3 women charged with assaulting Delta employees after flight attendants told them they couldn't board a flight to Puerto Rico because they were too drunk, prosecutors say

·4 min read
A Delta aircraft.
A Delta aircraft.James D. Morgan/Getty Images
  • Three women were charged with assault and were accused of attacking Delta employees.

  • Court documents alleged the women were told they were too drunk to board a flight to Puerto Rico.

  • If convicted, the three women face up to 10 years in prison.

Three women have been charged with assault in an incident in which they're accused of attacking Delta employees who told them they couldn't board a flight from New York to Puerto Rico because they were too drunk, according to court documents reviewed by Insider.

Long Island residents Jordan Nixon, Janessa Torres, and Johara Zavala were arrested on Thursday in connection to a September 22 incident at John F. Kennedy International Airport, according to a press release from the US Attorney's Office in the Eastern District of New York.

In the letter to a judge, US Attorney for the Eastern District of New York Breon Peace said that the women's flight from New York to San Juan, Puerto Rico, was delayed nearly five hours on September 22, and surveillance videos and bar receipts show they ordered around nine alcoholic drinks while they waited for their flight.

Peace said in the letter that when the women got to their gate, Delta employees determined they should be denied access to their flight because "they were acting belligerent, one of the defendants was refusing to wear her mask properly, and Zavala was visibly disoriented and possibly intoxicated."

The flight crew was notified of the intoxication, and a member of the crew and the captain stepped off the plane to observe the women, before determining that they were too drunk to board, Peace wrote.

Delta offered the women an opportunity to rebook the flight later in the day, Peace added.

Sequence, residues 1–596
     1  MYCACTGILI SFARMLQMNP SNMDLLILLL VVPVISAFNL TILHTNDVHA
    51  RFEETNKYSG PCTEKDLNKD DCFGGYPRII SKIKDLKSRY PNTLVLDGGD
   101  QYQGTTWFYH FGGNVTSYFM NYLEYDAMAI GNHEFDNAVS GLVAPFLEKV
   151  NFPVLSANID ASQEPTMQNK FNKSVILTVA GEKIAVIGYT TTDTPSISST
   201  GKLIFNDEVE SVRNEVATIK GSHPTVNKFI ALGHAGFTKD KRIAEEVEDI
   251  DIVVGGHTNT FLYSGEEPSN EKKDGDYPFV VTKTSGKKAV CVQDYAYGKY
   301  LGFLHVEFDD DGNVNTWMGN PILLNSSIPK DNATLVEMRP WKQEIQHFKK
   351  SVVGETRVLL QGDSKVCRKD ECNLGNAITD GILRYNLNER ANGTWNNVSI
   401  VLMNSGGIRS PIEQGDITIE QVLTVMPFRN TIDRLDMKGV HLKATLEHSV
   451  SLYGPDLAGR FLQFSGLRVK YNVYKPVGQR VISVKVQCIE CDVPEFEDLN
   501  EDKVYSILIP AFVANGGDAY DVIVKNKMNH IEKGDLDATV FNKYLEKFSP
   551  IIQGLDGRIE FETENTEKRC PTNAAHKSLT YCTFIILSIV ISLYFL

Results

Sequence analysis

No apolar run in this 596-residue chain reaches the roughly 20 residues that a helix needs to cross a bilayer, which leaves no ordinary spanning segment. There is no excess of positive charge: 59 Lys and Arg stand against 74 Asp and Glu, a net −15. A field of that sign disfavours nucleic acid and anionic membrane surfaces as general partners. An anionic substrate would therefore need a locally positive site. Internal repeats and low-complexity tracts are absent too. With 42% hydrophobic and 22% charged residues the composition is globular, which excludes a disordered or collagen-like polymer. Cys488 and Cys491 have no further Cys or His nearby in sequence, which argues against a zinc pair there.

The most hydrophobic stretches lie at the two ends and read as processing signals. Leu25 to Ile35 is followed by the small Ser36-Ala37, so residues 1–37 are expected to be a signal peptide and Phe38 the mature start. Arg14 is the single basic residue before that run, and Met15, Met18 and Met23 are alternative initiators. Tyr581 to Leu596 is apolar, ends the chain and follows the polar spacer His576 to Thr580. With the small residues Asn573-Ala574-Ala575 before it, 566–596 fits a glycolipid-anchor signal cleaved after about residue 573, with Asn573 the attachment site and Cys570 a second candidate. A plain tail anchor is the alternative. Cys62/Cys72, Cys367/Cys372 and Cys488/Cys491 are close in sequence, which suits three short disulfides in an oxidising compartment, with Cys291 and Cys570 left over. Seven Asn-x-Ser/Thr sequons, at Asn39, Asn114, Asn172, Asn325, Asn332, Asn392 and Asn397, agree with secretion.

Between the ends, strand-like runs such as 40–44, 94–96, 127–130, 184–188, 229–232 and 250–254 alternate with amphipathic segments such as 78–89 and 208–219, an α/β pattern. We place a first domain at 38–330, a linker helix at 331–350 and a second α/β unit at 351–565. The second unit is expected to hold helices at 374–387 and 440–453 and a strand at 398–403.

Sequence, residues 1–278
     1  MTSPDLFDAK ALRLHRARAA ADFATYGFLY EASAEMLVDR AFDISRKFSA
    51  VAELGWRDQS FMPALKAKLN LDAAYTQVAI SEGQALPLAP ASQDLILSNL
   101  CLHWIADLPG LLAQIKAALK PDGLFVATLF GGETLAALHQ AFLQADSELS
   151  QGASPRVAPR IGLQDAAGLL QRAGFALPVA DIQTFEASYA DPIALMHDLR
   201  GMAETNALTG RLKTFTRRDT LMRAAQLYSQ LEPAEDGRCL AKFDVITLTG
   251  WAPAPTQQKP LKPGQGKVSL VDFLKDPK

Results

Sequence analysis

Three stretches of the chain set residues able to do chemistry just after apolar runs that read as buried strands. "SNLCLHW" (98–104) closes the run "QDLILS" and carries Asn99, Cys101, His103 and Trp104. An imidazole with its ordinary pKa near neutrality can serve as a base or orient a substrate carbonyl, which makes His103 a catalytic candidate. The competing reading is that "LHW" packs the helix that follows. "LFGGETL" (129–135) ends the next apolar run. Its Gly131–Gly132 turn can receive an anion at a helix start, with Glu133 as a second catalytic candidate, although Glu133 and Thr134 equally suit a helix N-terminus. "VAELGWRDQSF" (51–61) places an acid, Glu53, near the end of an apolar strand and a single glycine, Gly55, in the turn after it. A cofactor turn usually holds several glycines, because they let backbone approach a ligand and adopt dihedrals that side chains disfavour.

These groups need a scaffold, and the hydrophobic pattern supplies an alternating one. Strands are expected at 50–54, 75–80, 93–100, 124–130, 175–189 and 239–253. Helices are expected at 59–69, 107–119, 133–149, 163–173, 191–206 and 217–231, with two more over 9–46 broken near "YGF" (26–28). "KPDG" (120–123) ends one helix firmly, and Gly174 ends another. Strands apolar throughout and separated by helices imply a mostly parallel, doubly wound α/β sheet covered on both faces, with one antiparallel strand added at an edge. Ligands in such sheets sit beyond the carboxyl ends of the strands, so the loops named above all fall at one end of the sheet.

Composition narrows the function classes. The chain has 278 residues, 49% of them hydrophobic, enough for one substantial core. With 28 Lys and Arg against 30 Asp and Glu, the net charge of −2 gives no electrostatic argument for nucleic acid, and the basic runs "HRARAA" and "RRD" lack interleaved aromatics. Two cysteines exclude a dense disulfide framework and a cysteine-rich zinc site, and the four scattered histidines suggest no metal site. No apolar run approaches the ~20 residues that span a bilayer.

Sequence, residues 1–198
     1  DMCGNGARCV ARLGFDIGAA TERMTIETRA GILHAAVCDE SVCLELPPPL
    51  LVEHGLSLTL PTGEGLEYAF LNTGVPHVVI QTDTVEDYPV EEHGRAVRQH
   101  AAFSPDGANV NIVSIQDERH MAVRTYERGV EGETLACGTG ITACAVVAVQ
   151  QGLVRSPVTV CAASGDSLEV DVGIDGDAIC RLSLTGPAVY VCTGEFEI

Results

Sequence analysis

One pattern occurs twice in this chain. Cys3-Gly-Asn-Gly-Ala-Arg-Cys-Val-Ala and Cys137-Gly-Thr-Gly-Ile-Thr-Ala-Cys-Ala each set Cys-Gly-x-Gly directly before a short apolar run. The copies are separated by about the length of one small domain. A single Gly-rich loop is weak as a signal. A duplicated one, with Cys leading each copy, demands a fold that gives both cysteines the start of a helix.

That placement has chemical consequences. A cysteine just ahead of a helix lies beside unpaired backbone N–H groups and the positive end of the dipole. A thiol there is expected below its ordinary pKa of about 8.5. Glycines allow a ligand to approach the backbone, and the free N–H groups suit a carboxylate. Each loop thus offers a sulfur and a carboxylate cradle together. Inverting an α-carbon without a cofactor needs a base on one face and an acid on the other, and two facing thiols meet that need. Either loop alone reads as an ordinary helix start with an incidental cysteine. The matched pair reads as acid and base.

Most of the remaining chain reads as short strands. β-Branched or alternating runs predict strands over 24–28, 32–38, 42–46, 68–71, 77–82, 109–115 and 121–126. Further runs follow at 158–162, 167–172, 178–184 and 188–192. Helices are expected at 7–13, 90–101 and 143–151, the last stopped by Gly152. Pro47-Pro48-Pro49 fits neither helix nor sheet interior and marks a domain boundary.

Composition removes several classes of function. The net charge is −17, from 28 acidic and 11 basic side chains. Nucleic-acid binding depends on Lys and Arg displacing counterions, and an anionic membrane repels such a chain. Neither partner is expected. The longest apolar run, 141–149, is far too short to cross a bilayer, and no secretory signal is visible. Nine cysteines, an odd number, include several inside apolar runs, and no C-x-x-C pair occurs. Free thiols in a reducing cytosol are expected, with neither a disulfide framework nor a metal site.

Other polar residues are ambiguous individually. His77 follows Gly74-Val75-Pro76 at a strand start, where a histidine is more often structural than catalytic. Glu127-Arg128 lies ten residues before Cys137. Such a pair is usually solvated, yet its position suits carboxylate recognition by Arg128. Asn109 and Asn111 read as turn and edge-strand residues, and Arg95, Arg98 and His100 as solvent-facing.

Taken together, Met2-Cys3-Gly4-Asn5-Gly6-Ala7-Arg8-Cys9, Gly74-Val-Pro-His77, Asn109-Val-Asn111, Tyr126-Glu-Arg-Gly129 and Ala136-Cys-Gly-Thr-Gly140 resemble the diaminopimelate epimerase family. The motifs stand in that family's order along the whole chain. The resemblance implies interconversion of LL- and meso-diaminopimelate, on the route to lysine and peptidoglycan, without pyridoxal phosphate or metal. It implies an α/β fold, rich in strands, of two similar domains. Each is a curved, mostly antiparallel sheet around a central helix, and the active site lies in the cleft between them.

Peace said that the women were then asked to leave the area, and an altercation ensued, during which Nixon is accused of taking a Delta ground security officer's radio and hitting him on the head with it, Torres is accused of stepping on the same security officer, and Zavala is accused of punching a Delta gate agent in the face.

According to Peace's letter, flight crews were able to pull one of the employees behind a glass door, but the "three defendants continued to scream and strike at the Flight crew as they attempted to hold the doors closed."

The security officer and gate agent were taken to the hospital and have not returned to work since the alleged attack, Peace said in the letter to the judge.

Nixon's attorney said in a statement to Insider that Nixon "maintains her innocence and she denies the allegations" made by prosecutors.

The attorneys for Torres and Zavala both declined to comment on the matter.

"The extreme and aggressive behavior in connection with our air travel is out of control," Peace said in a statement. "This Office has zero tolerance for violent conduct that threatens the safety of airline passengers and employees and will prosecute defendants who allegedly engage in such conduct to the fullest extent of the law."

Delta did not immediately respond to Insider's request for comment.

A spokesperson for the US Attorney's office confirmed to Insider that the women were arraigned on Thursday and each released on a $25,000 bond.

Their next court appearance is on February 3, in front of US District Judge Raymond Dearie.

If convicted, the three women face up to 10 years in prison.

Airline workers union representatives have been outspoken about their concerns with pre-flight drinking, calling on terminal operators to implement more strict policies around the sale and consumption of alcohol in airports.

The Federal Aviation Administration said it logged more than 6,000 incidents of unruly passengers in 2021, though most of those did not lead to criminal charges.

Recent indictments or unruly passengers reflect the Justice Department's elevated priority of aviation-related crimes following Attorney General Merrick Garland instructions to federal prosecutors back in November.

Before Garland's announcement, the department could spend a year or longer preparing to charge a suspect in an unruly passenger incident.

Read the original article on Business Insider

Our goal is to create a safe and engaging place for users to connect over interests and passions. In order to improve our community experience, we are temporarily suspending article commenting